Jump to content

Pointe shoe ribbon length


taxi4ballet
 Share

Recommended Posts

How does the height of the arches affect the length of ribbon required? 

 

Her high arches extend up to the ankle, so I thought it might be that she needs more ribbon where it crosses over at the front before wrapping it round. We've been told her feet are unusual, so I just wondered if that was it.

 

Agree with Sheila, I'd rather have the ribbon too long than have the faff of having to measure each bit to the exact millimetre!! I will have to buy some of yours next time :)

Link to comment
Share on other sites

I confess that I shall be studying DD's feet after her class tonight to see where her high insteps/arches 'stop', taxi4ballet! ;-)

 

We also use Bloch Elastorib ribbon, perhaps it is longer? I have no idea, but certainly, as spannerandpony says, it is more than long enough and we cut off the excess length. Equally, bravo to Sheila and Just Ballet's policy of selling longer ribbons!

  • Like 1
Link to comment
Share on other sites

Sorry off topic, my daughters degas leotard fitted her beautifully Sheila. The parcel arrived beautifully wrapped and was a lovely surprise for her when she came home for half term. My daughter has always bought normal point Ribbon from Bloch and has never had any problems, don't know what the length is though.

  • Like 1
Link to comment
Share on other sites

I had noticed that once or twice the ribbon was getting a bit short.  Do you measure against your old ribbons or just cut in half?  As one ribbon (can't remember but think it is the inside one) is always shorter we started measuring and cutting the ribbons to match.  Have also bought a reel of ribbon now. It was quite an expense at the time but as I ordered 4 pairs for the start of term thought it would be easier for dd as she's got the task now ;)

  • Like 2
Link to comment
Share on other sites

Glad the warm up arrived safely Fiz and that your daughter likes her leotard Tulip :)

I always use Elastorib and find there's plenty in a pack. I like the elastic insert as ribbon has no stretch, so this helps relieve pressure on the Achilles.

The inside ribbon is usually longer as that is the one that is crossed first and comes back round to where it started. Hanging your shoes up and seeing which ribbon is longer is also a quick way to see which shoe is for which foot :)

Sx

Link to comment
Share on other sites

We usually buy the Bloch regular ribbon and that is longer - although it cuts out the hassle it is more expensive, which is why I've been trying other makes, as dd gets through a lot of it. I can never get the hang of recycling it from old shoes, I manage to get holes in it every time!

Link to comment
Share on other sites

That's interesting Anjuli as I was always told that in the past and did alternate. But since fitting shoes I've found that as each foot tends to be slightly different, so the wear will be different in each shoe and maybe it's better to stick to a right and left shoe? Obviously if there is an extreme difference in size this would be necessary anyway. What does everyone think?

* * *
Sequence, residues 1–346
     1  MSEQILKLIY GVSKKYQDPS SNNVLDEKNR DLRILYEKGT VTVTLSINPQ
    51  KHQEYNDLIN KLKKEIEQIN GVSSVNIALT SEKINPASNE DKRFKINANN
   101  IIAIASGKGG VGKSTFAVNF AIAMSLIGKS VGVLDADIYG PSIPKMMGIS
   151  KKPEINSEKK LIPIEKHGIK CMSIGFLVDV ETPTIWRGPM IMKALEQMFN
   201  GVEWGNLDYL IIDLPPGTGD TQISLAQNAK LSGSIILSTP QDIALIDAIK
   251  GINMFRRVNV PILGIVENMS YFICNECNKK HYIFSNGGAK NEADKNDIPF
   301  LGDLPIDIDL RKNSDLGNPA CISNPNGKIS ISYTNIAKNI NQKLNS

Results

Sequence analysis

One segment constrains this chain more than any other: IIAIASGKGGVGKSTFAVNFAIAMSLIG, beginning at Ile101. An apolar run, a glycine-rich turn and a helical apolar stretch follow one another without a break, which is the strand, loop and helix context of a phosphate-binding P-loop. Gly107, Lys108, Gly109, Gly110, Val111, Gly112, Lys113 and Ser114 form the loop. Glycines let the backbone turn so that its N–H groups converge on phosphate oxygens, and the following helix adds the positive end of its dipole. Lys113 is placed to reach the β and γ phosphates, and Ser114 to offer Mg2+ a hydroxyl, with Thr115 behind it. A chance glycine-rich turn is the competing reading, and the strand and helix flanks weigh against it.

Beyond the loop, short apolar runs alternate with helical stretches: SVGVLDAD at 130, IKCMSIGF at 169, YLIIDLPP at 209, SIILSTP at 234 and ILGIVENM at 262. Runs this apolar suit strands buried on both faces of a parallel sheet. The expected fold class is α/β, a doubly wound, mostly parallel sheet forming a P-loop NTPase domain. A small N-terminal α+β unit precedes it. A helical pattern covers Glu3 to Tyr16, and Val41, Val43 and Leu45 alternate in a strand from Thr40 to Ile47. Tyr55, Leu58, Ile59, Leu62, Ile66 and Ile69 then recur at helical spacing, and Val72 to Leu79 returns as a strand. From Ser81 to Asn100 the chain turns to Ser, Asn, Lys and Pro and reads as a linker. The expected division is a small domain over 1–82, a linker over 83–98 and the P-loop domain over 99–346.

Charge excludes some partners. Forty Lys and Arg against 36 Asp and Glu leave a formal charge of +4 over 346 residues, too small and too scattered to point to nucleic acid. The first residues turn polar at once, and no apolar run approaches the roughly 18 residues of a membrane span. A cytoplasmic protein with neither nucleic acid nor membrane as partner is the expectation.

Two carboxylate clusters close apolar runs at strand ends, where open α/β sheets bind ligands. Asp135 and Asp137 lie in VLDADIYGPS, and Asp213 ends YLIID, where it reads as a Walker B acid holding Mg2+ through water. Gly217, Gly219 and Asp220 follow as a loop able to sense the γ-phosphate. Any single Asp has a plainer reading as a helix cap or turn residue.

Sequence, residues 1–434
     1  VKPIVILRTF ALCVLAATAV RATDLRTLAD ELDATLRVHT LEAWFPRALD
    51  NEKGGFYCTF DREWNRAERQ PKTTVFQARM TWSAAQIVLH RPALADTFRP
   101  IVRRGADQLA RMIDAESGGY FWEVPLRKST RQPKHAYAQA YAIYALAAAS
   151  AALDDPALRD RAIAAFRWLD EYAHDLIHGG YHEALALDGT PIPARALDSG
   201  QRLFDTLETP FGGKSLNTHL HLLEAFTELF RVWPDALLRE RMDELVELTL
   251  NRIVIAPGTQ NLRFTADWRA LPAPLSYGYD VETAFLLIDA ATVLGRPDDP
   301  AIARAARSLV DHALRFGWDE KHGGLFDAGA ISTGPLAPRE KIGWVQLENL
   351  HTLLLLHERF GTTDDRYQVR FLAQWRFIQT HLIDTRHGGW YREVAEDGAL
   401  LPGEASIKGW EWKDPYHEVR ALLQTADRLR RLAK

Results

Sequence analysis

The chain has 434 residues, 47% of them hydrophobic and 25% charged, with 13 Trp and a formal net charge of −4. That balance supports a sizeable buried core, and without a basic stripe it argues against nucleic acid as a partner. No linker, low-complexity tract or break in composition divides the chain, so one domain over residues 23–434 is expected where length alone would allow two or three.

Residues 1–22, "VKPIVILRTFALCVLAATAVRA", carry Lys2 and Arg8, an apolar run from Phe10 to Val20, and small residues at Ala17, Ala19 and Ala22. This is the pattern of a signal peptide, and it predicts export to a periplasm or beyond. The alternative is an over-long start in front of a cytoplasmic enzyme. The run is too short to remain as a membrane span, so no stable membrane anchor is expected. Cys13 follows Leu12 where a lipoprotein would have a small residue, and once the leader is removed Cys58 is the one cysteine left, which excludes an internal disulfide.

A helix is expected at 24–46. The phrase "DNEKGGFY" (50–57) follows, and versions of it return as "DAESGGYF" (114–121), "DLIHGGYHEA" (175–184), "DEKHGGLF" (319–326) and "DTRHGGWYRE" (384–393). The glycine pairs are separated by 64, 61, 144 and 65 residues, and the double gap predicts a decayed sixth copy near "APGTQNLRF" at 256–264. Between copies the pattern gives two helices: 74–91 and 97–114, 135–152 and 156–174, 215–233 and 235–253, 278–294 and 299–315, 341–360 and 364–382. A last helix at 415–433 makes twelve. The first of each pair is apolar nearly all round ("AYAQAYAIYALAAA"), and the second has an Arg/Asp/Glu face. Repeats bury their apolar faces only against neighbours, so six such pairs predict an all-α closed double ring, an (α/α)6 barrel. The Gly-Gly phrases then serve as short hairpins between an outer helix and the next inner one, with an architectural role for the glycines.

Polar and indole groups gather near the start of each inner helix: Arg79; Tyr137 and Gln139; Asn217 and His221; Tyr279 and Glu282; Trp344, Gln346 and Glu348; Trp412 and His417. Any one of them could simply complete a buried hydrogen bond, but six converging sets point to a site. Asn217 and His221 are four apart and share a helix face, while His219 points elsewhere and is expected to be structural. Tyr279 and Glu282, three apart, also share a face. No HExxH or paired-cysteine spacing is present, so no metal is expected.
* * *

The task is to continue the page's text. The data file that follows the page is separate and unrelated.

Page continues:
Sx

  • Like 1
Link to comment
Share on other sites

I always stuck to a shoe for each foot. A foot isn't symmetrical and as the shoe moulds to the foot through wear I always felt that swapping would mean that shoes never felt comfortable and perhaps weren't fully supportive. I never tried it though and I'm sure there are plenty of arguments for and against.

Link to comment
Share on other sites

My daughter always wears out one shoe before the other as she often does more pirouettes and arabesques on her favoured leg in her festival dances. I suggested she swapped her shoes to even out the wear but she said that her feet are very different so she would find it difficult to swap them over once the shoes had moulded to her feet and been broken in. She definitely has one ribbon longer than the other and used this to check which shoe is which as suggested above.

Link to comment
Share on other sites

The shoe does mold to the foot - but at a certain point it goes beyond and "yields" to the foot thus giving less support.  If the shoes are alternated the shoe wears more evenly and is more supportive and lasts a bit longer.

 

For instance, if  dancer has a tendency to roll toward the big toe, eventually the shoe will stop resisting that roll and begin to yield toh it and thus exacerbating the problem.  But if the shoe is switched, it will continue - for a while longer - to support against that roll.

 

At least that is what I found.  

  • Like 1
Link to comment
Share on other sites

Create an account or sign in to comment

You need to be a member in order to leave a comment

Create an account

Sign up for a new account in our community. It's easy!

Register a new account

Sign in

Already have an account? Sign in here.

Sign In Now
 Share

×
×
  • Create New...